With him is Gratiano gone along;
And in their ship, I am sure, Lorenzo is not.

Sola. The villain Jew with outcries rais'd the duke, Who went with him to search Ballanio's ship.

Sal. He came too late, the ihip was under fail : But there the duke was given to understand, That in a Gondola were seen together Lorenzo and his amorous Jesica : Besides Anthonio certify'd the duke, They were not with Buffanio in his ship.

Sola. I never heard a passion so confus'd, So strange, outrageous, and so variable, As the dog Jew did utter in the streets; My daughter !-O my ducats !~ my daughter ! Fled with a Christian? O my Christian ducats ! Justice ! tbe law !-My ducats, and my daughter! A sealed bag, two sealet bags af ducats, Of double ducats, fiolin from me ly my daughter! And Jewels, tuo stones, two rich and precious stones, Stol'n by my daughter! Justice! find the girl ! She bath the stones upon her, and the ducats !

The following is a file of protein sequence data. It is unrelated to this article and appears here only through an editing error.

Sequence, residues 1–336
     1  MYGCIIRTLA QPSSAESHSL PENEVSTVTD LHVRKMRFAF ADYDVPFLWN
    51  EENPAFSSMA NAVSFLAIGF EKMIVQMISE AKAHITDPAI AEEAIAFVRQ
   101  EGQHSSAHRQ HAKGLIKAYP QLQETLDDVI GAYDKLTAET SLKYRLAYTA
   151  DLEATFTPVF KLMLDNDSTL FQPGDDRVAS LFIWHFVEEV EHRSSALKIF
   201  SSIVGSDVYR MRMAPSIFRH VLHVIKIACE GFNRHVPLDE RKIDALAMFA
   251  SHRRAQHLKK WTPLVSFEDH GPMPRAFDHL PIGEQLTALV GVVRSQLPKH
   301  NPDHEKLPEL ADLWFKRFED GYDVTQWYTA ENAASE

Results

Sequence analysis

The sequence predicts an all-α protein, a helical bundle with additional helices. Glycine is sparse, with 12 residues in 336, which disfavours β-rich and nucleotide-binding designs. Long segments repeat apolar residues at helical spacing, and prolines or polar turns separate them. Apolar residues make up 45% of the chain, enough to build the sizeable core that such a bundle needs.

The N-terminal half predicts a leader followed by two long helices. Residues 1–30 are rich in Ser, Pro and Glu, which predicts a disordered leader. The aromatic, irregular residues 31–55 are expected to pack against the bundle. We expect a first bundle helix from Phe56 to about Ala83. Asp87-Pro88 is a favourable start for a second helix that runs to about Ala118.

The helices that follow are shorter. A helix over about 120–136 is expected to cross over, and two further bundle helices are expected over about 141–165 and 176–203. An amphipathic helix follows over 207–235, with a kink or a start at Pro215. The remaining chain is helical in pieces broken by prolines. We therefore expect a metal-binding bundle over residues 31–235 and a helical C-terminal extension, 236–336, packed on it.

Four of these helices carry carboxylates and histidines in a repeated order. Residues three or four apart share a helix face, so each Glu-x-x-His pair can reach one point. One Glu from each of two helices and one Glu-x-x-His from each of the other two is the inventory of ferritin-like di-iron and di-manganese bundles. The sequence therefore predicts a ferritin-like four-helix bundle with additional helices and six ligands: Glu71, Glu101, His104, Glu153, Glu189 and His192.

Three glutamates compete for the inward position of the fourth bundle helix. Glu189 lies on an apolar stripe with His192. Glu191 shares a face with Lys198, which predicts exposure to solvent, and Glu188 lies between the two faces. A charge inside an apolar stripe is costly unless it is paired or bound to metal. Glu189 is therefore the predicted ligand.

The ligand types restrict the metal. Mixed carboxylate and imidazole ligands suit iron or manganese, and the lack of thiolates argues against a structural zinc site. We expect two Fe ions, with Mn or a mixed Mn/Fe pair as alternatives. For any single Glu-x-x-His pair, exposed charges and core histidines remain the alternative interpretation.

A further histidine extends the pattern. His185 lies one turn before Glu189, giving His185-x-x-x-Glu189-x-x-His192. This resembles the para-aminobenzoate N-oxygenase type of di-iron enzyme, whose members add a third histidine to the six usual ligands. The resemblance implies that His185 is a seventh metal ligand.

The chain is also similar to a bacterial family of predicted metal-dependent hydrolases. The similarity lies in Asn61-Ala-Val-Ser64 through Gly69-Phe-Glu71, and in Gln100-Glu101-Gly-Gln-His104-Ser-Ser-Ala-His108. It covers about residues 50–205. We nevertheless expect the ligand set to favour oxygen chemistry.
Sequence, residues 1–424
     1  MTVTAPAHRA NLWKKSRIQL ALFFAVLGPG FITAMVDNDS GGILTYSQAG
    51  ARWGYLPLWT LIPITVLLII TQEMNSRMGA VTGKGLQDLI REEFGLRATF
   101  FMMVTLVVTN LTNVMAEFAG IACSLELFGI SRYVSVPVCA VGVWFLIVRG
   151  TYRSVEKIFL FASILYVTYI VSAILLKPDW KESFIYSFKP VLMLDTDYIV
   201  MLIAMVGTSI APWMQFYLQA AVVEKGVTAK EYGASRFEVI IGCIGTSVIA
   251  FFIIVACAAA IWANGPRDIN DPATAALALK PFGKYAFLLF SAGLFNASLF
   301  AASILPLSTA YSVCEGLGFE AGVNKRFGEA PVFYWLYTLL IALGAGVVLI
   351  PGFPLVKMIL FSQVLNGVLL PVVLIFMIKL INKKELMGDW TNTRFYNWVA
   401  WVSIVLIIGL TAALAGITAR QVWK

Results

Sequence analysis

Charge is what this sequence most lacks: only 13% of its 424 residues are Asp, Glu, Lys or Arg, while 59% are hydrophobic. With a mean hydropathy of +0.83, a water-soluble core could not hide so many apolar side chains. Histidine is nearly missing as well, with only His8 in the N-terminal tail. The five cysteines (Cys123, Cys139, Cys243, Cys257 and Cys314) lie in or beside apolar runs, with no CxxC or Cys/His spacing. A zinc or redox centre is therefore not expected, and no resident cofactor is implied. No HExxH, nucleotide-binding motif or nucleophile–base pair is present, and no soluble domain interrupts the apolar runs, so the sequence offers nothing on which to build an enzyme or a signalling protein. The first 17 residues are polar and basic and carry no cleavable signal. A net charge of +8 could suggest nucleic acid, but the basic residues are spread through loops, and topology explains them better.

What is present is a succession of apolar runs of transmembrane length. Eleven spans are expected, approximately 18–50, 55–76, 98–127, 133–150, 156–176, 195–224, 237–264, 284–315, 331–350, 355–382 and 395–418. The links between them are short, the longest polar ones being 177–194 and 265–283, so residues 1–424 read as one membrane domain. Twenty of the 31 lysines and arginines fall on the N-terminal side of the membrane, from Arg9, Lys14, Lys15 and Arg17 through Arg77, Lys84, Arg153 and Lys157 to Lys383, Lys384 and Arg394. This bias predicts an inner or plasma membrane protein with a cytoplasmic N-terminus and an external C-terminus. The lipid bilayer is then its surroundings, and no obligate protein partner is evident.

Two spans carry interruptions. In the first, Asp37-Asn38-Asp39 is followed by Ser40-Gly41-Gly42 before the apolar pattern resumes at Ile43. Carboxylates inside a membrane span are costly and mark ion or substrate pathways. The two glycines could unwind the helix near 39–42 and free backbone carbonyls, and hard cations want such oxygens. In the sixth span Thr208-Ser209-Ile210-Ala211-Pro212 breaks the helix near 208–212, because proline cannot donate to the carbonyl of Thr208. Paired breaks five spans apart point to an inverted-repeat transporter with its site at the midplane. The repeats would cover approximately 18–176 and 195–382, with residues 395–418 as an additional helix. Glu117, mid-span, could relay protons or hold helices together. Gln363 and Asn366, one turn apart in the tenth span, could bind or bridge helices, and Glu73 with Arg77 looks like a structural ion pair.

Sal. Why, all the boys in Venice follow him, Crying-his stones, his daughter, and his ducats.

Sola. Let good Anthonio look he keep his day; Or he shall pay for this.

Sal. Marry, well remember'd. I reason'd with a Frenchinan yesterday; Who told me, in the narrow seas, that part proposed. The story is itself so wildly incredible, and the changes of the scene fo frequent and capricious, that the probability of action does not deserve much care ; yet it may be proper to observe, tha:, by concluding the second act here, time is given for BassaDio's paslage to Belmont. JOHNSON.

The

« AnteriorContinuar »